PRINCIPAL BUILDING Downe Hall (listed grade II*) stands on an artificially levelled terrace cut into the south-facing slope towards the centre of the site. The Palladian-style house is constructed in Portland ashlar and comprises two storeys with a rusticated basement and roofs concealed behind a balustrade. The south facade has a pedimented centrepiece supported by Ionic pilasters, with a later semicircular porch. The central block is flanked by a pair of lower side wings, while a service court is situated to the north-east of the Hall. The house was constructed on a virgin site in 1775-6 or 1789 (listed building description; Pevsner 1972) and was altered and extended at various points during the C19. The south porch was an addition of c 1807 (Pevsner 1972).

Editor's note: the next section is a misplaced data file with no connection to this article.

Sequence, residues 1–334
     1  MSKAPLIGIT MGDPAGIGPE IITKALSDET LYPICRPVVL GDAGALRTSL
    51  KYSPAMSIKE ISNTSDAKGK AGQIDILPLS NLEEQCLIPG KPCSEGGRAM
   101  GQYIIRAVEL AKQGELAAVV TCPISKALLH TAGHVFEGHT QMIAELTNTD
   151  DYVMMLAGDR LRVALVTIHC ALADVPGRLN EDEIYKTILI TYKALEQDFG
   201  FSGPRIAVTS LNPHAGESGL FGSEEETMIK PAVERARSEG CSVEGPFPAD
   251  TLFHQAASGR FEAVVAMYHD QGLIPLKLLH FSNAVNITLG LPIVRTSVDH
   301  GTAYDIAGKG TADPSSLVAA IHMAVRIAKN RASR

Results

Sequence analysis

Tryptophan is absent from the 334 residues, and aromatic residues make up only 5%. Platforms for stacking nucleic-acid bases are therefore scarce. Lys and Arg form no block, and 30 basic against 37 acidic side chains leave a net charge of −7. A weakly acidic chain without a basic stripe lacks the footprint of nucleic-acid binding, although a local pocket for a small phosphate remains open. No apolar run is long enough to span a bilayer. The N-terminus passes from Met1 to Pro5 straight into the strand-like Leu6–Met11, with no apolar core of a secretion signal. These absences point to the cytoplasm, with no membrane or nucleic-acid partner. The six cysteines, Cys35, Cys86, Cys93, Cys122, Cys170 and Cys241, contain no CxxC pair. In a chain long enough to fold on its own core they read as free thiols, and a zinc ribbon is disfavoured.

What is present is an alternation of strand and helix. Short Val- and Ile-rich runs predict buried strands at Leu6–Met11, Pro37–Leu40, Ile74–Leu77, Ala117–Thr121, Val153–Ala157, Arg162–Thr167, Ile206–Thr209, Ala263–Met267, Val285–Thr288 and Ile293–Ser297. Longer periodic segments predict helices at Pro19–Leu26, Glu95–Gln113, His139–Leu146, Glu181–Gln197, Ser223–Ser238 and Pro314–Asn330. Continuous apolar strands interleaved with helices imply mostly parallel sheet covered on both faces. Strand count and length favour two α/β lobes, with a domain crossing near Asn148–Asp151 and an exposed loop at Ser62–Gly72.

GARDENS AND PLEASURE GROUNDS The formal gardens and informal pleasure grounds are situated to the south of the Hall. A paved walk extends below the south facade, beyond which is a terrace enclosed by a partly balustraded wall. To the east, a hedge and retaining wall divides the sundial lawn from the rose garden below, the latter set around a formal pool. The formal terraced gardens were constructed to the design of E S Prior c 1900.
From the terraces, the ground slopes away southwards, laid out with lawns and a variety of mature specimen trees and shrubs down to the perimeter planting. A grass bank runs from east to west across the lower lawn. The walk leading from the southern end of the drive forms a circuit round the southern and western sides of the pleasure grounds. The informal pleasure grounds are contemporary with the construction of the Hall.